A disturbing pattern led Gloria Calderón Kellett to reimagine her role in Hollywood and become one of the leading voices calling for improved Latino representation.

Growing up in Portland, Oregon, Calderón Kellett would come home from school and watch "The Dick Van Dyke Show" and "The Mary Tyler Moore Show" while her grandmother would sew draperies or cook dinner for their close knit, Cuban American family. Fascinated by the shows, Calderón Kellett said she began dreaming about working in television.

Years before becoming producer and showrunner for the much loved reboot of "One Day at a Time," Calderón Kellett became an actress. But as she got auditions, she found herself reading for stereotypical Latina roles as a gangbanger's girlfriend or a gangbanger's sister.

"It just became so frustrating to me that there wasn't a school teacher, a social worker... nothing, nada," Calderón Kellett said. "Hollywood had such a myopic view of who we are and what we are."

It was then when Calderón Kellett realized that to make an impact in the industry, she would have to learn how to write for TV and eventually craft the authentic stories that she wanted to see on screen.

"I started putting all my time and energy into reading. I would go to the Museum of Television & Radio, now the Paley Center. I would study, I would break down scripts, I would read every book I could get my hands on. I would read all of these writers and directors talking about the craft of television and movie making," she said.

She began by writing and directing plays and later worked on several shows, including "How I Met Your Mother," "Rules of Engagement," "Devious Maids" and "iZombie."

More than a decade after those first auditions, her family's story became front and center in the reboot of the Norman Lear sitcom that ran from 1975 to 1984. The critically acclaimed series debuted in 2017 on Netflix, where it ran for three seasons before Pop TV picked it up for its fourth and final season.

The series changed her life and brought her to the spotlight, Calderón Kellett said, but, she added, she feels far from reaching her artistic peak as a showrunner and wants to do more to advance Latinx representation in entertainment.

"I want there to be a better understanding of who we (Latinos) are by people who don't know any of us and I want us to rise," she said.

Q&A

Name: Gloria Calderón Kellett

Job: Showrunner and producer. Currently, developing TV series and films for Amazon Studios through her company, GloNation.

Projects you've worked on: "One Day at a Time," "Rules of Engagement," "Devious Maids," and "iZombie."

Years in entertainment: 20

Mentor: "I've had so many supportive people along the way like Pam Fryman. She's been a very close friend and ally. To know that someone like her has done this job for a really long time and does it with kindness and with love, and can have a normal life was really important for me. Norman Lear and Mike Royce, they changed my life with "One Day at a Time."

Latina...de dónde?: "I'm a first generation Cuban American kid. Both of my parents came in 1962. I grew up in a really beautiful Cuban community in the middle of Portland, Oregon."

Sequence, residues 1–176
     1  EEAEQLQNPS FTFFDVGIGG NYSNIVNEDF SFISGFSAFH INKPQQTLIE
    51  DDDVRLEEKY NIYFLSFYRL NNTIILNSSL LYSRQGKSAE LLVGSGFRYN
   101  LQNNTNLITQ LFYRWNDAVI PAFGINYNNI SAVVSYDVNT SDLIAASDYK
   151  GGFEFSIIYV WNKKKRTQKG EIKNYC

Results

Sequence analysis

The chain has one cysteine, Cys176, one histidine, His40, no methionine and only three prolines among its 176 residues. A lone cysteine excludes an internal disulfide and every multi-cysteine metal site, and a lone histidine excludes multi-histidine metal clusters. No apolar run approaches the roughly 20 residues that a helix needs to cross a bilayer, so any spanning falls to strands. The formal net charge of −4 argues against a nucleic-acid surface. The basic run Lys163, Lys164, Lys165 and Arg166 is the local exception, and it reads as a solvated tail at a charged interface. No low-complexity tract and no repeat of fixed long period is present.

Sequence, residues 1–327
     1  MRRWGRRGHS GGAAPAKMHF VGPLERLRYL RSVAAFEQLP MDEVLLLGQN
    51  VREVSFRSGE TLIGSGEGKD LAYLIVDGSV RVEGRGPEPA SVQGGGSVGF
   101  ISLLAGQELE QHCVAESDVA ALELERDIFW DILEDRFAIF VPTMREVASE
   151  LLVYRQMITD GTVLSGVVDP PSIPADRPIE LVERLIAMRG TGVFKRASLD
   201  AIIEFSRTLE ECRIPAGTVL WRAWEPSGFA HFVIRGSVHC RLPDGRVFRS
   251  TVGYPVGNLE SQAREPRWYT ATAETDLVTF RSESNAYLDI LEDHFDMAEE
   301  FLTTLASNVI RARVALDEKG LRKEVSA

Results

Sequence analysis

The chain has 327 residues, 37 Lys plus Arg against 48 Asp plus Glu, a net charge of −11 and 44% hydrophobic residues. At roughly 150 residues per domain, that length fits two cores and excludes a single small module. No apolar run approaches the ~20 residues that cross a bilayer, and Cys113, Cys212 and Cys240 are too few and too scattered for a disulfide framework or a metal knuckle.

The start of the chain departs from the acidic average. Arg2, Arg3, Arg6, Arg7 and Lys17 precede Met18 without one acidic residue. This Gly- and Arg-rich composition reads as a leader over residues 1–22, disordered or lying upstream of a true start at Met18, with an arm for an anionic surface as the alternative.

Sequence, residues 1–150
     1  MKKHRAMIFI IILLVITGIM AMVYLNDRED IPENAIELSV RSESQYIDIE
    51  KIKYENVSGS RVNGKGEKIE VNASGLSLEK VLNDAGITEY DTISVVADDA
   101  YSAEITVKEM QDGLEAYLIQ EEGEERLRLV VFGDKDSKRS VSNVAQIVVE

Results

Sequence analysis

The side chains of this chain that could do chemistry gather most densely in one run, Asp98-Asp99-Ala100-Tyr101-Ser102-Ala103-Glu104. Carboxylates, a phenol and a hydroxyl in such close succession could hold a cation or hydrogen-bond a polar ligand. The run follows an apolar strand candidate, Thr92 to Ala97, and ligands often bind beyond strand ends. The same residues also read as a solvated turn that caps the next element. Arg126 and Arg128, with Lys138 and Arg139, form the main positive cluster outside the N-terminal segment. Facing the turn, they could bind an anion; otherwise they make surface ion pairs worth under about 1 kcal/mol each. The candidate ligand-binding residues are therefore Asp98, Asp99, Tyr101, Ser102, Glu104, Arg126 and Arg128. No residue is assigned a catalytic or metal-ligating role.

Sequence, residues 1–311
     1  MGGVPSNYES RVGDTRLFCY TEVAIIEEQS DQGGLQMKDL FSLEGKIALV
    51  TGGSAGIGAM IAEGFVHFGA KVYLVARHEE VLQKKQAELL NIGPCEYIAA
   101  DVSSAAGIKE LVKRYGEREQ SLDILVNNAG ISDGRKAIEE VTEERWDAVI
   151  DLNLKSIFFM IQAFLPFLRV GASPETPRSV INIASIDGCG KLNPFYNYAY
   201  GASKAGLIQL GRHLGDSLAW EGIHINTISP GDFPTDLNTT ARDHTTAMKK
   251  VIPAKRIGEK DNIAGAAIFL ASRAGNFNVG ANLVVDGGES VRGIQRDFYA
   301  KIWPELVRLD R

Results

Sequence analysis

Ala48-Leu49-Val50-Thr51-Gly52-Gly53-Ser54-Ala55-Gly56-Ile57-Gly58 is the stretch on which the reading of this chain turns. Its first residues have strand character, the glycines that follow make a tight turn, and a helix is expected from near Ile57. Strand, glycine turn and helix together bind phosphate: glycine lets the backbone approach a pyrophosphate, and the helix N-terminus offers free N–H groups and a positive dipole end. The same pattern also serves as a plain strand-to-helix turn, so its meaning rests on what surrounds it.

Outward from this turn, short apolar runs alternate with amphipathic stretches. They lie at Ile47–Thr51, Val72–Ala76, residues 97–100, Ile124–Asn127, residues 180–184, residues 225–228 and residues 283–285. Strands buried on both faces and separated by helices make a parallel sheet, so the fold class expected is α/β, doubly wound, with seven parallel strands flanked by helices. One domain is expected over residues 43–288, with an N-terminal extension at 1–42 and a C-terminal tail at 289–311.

Trope I'd banish from TV forever: "I'm a little done with the gangbangers and drug dealers, I've just seen it a lot. Are there Latino gang members and drug dealers? Yes, there are. It's just when that's all you see, that's just insane. I just need other things to exist. For me it's about adding more so that you can see that there is a huge medley of experiences that American Latinos have --- all of those should be explored."

Latinx actor/actress I think will be a huge star one day: "Emeraude Toubia who is Mexicana (and) an incredible young woman, and Rome Flynn who is Afro Cuban. They are the new Latino stars of my new show ('With Love') and I think they are going to be big, big stars."

Latinx show I wish everyone was watching/had watched: "I love 'Rutherford Falls.' My friend Sierra Teller Ornelas is the showrunner for it. She's Mexicana and Native Navajo. It's based so much on her, her love for her community and it's so funny. It's the last thing I watched and it brought me so much joy."

Overused line that execs say when passing on a Latino for a project: "They haven't turned down Latinos for (my) projects but I've had people pass on pilots. We heard "we are worried is going to be a little too niche" and I just disagree. That specificity is what was so great about 'One Day at a Time.' I got to talk about so many specific things to my Latino American experience and people from so many other communities said 'I'm not Cuban but my mom did this' or 'I saw my family in your family.' Because we were so specific, it made the story universal."

What I think all showrunners could do to help increase Latinx representation on television: "The biggest thing is nothing about us without us. If you're going to make one of our stories integral to your show or use it as a way of getting picked up because this is a moment when people understand that representation is important, have one of us in there baked into creating that show, so that you're doing the job of representation behind the camera as well as in front of the camera. I think it makes a big difference. You can tell when you're watching it if it's honest or not."

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